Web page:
For a long time we said nothing to each other. I felt the sailor staring at both of us.

"Hasn't she got the wrong bar?" he asked me, finally.

Hella looked at him. She smiled.

"It's not the only thing I got wrong," she said.

Now the sailor stared at me.

"Well," I said to Hella, "now you know."

"I think I've known it for a long time," she said. She turned and started away from me. I moved to follow her. The sailor grabbed me.

"Are you—is she—?"

I nodded. His face, open-mouthed, was comical. He let me go and I passed him and, as I reached the doors, I heard his laughter. We walked for a long time in the stone-cold streets, in silence. There seemed to be no one on the streets at all. It seemed inconceivable that the day would ever break.

"Well," said Hella, "I'm going home. I wish I'd never left it."

_____

Sunday, November 11, 2018

Sickness unto self-congratulation: Ravelstein by Saul Bellow




Chick, older than Ravelstein, has borne witness to his great friend's death. Ravelstein had charged him to write an intimate biography of him.  Chick finds he cannot proceed. He talks with his latest wife, Rosamund, about the situation, and about what Ravelstein tried to show him about incidents in Chick's life with previous spouse  Vela and a character named Radu Grielescu. (This leads Chick and Rosamund to some typically bourgeois wool-gathering about the "inexplicable" horrors of the 20th century.)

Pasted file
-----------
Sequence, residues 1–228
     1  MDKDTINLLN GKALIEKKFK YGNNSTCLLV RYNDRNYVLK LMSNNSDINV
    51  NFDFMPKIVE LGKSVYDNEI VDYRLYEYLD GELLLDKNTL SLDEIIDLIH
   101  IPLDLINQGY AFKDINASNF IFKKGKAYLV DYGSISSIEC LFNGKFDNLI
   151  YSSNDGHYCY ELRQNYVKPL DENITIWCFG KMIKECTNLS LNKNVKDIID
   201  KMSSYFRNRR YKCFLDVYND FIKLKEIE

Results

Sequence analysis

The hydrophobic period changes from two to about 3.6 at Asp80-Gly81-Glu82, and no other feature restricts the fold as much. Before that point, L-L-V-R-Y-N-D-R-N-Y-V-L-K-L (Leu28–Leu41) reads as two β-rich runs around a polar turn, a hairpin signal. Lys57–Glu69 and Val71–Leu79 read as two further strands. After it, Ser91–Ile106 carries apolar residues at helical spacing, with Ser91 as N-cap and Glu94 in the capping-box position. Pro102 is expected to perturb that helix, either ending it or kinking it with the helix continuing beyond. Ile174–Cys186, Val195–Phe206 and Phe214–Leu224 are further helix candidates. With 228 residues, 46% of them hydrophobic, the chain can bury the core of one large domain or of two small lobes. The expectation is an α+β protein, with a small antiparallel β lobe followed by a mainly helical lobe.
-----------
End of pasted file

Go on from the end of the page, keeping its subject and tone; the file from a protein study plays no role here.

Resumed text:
…. for me the challenge of portraying him (what an olden-days' word "portraying" has become) by and by turned into a burden. Rosamund, however, believed that I was exactly right for the job. And in fact I went through a rehearsal of my own with death. But at that time we were only considering Ravelstein's death.


"It's just a matter of getting started," she said. "As he said, it's the premier pas qui coûte."


"Yes. Some French Ravelstein equivalent of bottled-in-bond or sur papier timbre, in perfect legal order, solemnized by the state."


"There it is—exactly the joke-tone he hoped you'd take. You can leave it to others to comment on his ideas."


"Oh, I intend to. I'm going to leave intellectual matters to the experts."


"All you need is to get yourself in the right position."


But as the months—years—went by, I couldn't for the life of me find this starting point. "It should be easy. 'Easily or not at all,' or as what's-his-name said, 'If it isn't like birdsong, it ain't right.'"